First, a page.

Coincidentally, he and I were born on the same day - but that, is neither here nor there.
I wanted to point to something he wrote in 2007:
OVER the past few years the questions have been asked ever more forcefully whether global climate changes occur in natural cycles or not, to what degree we humans contribute to them, what threats stem from them and what can be done to prevent them. Scientific studies demonstrate that any changes in temperature and energy cycles on a planetary scale could mean danger for all people on all continents.And:
It is also obvious from published research that human activity is a cause of change; we just don’t know how big its contribution is. Is it necessary to know that to the last percentage point, though? By waiting for incontrovertible precision, aren’t we simply wasting time when we could be taking measures that are relatively painless compared to those we would have to adopt after further delays?
We can’t endlessly fool ourselves that nothing is wrong and that we can go on cheerfully pursuing our wasteful lifestyles, ignoring the climate threats and postponing a solution.And finally:
We must analyze everything open-mindedly, soberly, unideologically and unobsessively, and project our knowledge into practical policies.I wonder if, in writing this editorial comparing and contrasting Vaclav Havel with Kim Jong Il, if they knew that he wrote all that. I mean they do end the editorial with this:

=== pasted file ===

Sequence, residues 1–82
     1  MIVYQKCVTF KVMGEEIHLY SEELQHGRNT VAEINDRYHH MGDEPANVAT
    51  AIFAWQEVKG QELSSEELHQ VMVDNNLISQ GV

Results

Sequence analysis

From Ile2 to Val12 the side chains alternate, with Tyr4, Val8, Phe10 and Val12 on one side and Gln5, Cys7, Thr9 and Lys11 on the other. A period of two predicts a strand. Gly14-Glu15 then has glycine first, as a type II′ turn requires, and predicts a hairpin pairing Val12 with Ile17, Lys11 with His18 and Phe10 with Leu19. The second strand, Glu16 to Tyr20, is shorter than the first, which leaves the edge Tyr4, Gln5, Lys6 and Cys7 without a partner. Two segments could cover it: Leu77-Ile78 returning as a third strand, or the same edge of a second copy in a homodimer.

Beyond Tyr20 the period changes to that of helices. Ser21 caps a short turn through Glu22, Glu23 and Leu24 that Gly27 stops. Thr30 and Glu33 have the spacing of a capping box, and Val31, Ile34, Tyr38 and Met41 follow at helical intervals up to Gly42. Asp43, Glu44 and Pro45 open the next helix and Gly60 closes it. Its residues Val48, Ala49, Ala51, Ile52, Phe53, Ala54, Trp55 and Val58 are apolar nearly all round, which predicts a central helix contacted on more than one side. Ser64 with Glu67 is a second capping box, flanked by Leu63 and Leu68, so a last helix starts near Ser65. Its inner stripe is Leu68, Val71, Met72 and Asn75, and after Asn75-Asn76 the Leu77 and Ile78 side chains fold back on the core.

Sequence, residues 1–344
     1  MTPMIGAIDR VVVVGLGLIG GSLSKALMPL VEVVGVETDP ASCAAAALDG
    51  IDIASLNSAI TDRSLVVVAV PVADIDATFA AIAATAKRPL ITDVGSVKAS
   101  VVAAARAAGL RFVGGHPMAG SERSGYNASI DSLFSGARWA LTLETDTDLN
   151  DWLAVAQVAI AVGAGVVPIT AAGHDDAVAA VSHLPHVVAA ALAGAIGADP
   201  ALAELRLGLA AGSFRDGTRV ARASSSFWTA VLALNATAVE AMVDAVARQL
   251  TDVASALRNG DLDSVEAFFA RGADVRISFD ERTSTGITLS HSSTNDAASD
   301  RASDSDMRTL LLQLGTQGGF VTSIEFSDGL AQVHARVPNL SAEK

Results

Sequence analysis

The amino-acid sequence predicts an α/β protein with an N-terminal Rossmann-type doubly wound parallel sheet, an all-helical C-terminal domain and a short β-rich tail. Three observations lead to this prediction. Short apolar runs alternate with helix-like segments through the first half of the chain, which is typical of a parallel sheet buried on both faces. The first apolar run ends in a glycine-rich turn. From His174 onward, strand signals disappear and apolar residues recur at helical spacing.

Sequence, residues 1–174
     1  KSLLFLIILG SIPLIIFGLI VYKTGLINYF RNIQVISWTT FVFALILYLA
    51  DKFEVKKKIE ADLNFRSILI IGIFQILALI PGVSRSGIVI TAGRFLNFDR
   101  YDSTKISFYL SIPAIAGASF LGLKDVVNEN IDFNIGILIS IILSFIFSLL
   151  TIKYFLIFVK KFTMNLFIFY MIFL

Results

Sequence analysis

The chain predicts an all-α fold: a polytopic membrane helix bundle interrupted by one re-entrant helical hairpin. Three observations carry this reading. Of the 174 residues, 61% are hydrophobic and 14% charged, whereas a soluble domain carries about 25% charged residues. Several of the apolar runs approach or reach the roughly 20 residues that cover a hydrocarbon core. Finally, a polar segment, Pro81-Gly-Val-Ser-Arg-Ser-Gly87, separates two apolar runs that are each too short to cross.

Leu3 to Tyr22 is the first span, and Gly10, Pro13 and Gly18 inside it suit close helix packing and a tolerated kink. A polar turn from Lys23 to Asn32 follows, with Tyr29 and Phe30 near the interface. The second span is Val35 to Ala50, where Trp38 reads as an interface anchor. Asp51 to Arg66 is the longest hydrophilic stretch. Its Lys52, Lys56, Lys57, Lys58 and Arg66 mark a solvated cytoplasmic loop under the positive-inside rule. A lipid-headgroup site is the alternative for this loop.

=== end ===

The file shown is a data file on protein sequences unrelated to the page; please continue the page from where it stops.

Mr. Havel rose to prominence after the Soviet-led invasion of 1968. The communists sought to silence Havel by jailing him numerous times. But it only drew more attention to his works and led to some of Havel's most insightful essays.Considering how little of the news (the actual news - not the right wing noise that passes for news in the right wing press) they seem to understand, I would doubt it.
As Soviet dominance waned, Havel was the right man at the right time to help free Czechoslovakia.
We mourn the passing of Vaclav Havel. But we celebrate the beacon he powered.